Still seeking a winner in the Tuesday Trivia Contest!


It’s time again for June’s Route 66 Tuesday Trivia Contest. Post all three correct answers here, and I’ll gift you with an e-book of Live from the Road. I just need your email address. Here goes:

  1. How many miles of Route 66 passes through Kansas?
  2. What state is home to the Gemini Giant, a fiberglass rendering of an astronaut?
  3. Why did the Joad family take to the Mother Road in Steinbeck’s Grapes of Wrath?

Good luck!

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An Almost All Homegrown Dinner!

By P.C. Zick@PCZick

Last night we managed to eat a meal, mostly provided by our garden, with a table graced with flowers from plants and herbs gone to seed, along with a very few wild irises growing at the edge of the woods in our backyard.The tall purple flowers are radishes; the long drooping yellow flowers come from our oregano plant leftover from last year; look very closely to see the basil leave peeking out from the front of the vase. Beauty graces our home and our plates.

A zucchini greeted me yesterday morning when I did my daily walk around the perimeter of the garden. At eight-inches, this lovely vegetable was the perfect size for grilling. I found one small cucumber to provide a little bit of crispness to our meal.Preparing the bounty

We picked enough beans for a small serving each. The onions are just popping up out of the ground so I decided some of the sweet “Vidalia” type would be great on the grill. And in the big sink, I soaked the last of the leaves of spinach for this year.

The spinach and beans I put on the stove to steam and then prepared the zucchini and onions for grilling (I did use one sweet red pepper with these purchased from Giant Eagle – it will be more than a month before peppers are ready for eating). As a marinade, I used olive oil, balsamic vinegar, lemon juice, tarragon and thyme. Next, I prepared the salmon for grilling. No, I didn’t catch it from the ocean out in the backyard. I purchased this salmon on sale in the Strip District in downtown Pittsburgh. I used the last of our zucchini relish from last year as a marinade and then plopped a few springs of our parsley on top before loosely wrapping in aluminum foil and grilling along with the vegetables for about 20-25 minutes at 400 degrees. After the grilled items cooked for 15 minutes, I turned the burners on the other vegetables. And then I prepared our cute little cucumber – a delicacy at this point in the season.I presented our “almost all homegrown dinner” to my husband as a thanks to all his hard work for growing this bounty. I forgot to mention (and forgot to take a picture), for an appetizer, we ate the first peas from the garden. We were probably a little premature, but they are very close and very sweet. We managed about ten peas each as a preview to our coming attractions.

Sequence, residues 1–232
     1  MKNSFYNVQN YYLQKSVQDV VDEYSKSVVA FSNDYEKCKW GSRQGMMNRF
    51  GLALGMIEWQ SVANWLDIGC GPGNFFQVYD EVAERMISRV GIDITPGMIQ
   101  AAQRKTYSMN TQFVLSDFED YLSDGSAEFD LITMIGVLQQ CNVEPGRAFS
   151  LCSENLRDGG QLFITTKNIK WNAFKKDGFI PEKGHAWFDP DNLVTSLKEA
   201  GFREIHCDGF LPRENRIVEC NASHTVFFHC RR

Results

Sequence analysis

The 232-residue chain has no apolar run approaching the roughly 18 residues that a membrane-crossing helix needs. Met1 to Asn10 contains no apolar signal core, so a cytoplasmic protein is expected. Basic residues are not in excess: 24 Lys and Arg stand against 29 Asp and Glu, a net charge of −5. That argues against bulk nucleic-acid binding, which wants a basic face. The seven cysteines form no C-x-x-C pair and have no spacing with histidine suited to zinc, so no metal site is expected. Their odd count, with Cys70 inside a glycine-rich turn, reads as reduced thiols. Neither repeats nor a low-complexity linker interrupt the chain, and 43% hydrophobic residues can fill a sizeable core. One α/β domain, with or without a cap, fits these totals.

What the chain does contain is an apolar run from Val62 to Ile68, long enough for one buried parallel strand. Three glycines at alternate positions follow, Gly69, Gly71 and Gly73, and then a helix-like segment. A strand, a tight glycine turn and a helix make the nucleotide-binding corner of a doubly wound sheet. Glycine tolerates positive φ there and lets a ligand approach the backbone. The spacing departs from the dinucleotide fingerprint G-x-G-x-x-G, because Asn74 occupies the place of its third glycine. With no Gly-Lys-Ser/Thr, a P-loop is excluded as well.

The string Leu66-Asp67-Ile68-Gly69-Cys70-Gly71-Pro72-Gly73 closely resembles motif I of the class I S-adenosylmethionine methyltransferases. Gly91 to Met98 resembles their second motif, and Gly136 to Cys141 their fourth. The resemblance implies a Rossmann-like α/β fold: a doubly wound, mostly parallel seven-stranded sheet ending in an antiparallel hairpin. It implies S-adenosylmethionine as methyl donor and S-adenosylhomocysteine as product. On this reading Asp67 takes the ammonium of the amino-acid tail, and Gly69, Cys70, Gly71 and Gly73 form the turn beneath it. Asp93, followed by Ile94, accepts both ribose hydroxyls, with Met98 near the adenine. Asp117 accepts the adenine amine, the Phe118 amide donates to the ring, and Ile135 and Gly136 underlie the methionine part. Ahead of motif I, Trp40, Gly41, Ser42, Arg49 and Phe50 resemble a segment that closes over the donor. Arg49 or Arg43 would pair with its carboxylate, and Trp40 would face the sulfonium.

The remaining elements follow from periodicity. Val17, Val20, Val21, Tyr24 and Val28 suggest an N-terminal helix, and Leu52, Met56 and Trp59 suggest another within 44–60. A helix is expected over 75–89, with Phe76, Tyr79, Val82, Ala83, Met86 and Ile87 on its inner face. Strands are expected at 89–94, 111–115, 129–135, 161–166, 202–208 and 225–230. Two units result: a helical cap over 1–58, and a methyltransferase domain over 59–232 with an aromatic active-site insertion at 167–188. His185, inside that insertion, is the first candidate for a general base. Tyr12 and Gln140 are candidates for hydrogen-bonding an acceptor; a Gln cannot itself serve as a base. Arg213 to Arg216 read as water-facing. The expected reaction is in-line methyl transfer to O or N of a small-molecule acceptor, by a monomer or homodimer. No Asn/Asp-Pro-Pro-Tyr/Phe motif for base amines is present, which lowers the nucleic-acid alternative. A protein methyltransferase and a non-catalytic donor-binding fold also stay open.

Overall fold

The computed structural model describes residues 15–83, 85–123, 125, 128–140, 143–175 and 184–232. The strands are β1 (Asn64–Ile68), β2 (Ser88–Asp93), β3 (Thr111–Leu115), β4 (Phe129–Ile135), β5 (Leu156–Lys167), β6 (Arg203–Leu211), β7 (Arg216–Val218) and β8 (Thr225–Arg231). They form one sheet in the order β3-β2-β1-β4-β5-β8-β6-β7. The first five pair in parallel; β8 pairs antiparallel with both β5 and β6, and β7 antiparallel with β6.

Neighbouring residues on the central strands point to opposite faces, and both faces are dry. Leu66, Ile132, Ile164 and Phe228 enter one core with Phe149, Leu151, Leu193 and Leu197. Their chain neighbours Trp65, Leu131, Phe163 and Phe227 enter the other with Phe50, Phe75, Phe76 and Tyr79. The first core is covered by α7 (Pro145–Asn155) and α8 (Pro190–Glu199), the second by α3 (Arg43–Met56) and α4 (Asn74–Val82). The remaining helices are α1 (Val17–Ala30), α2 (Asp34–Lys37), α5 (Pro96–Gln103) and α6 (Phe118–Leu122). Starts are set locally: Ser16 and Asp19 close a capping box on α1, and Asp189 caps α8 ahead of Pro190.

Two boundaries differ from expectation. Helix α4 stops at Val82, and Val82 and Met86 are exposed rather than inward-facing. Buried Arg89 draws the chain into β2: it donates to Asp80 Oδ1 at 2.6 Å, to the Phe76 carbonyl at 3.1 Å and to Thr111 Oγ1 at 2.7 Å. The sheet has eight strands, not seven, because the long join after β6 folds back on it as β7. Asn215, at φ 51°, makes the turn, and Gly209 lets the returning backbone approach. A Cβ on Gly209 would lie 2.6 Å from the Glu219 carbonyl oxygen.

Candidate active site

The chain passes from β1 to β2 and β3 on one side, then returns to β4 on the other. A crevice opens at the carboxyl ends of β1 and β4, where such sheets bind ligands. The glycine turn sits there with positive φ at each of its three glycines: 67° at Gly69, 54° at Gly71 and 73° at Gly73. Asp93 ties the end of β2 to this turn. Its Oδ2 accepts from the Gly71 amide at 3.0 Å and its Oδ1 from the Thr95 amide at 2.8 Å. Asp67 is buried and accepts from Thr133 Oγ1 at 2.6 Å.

What are you eating from either your own garden or from the farmer’s market right now?


This is the first post I wrote in my capacity as UNEP’s blogger for World Environment Day in Rio de Janeiro, Brazil. I’ll be posting all 5 leading up to and throughout Rio+20.

With the start of 2012 came the news that the world’s tropical rainforests hold 229 billion tons of carbon, which is 20% more than was previously thought.

So it’s a good thing Brazil is making a concerted effort to stop deforestation—with a decrease from 27,000 square kilometres of forest lost in 2004 to 6,451 in 2010.

Worryingly, however, deforestation has recently been on the rise in certain regions of Brazil, which calls for decisive action and innovation.

To that end, in 2011 Brazilian supermodel Gisele Bündchen challenged UNEP Goodwill Ambassador Don Cheadle to a race. The winner would be the one who inspired the most people to launch events in conjunction with 2011’s World Environment…

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The Saga of the Mallards Continues

A couple of nights ago, our doorbell rang. When I answered it a young boy, around ten years old, stood on the front porch hopping from one foot to the other. His dad stood behind him.

“My dog came into your yard and found duck eggs in the bushes out there,” he said pointing to the area behind our mailbox. “Come see.”